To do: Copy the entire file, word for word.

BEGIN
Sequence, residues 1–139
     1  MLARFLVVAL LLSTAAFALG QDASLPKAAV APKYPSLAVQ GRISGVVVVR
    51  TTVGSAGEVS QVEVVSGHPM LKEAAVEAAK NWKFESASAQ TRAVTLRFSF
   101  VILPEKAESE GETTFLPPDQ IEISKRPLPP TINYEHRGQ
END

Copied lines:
Sequence, residues 1–139
     1  MLARFLVVAL LLSTAAFALG QDASLPKAAV APKYPSLAVQ GRISGVVVVR
    51  TTVGSAGEVS QVEVVSGHPM LKEAAVEAAK NWKFESASAQ TRAVTLRFSF
   101  VILPEKAESE GETTFLPPDQ IEISKRPLPP TINYEHRGQ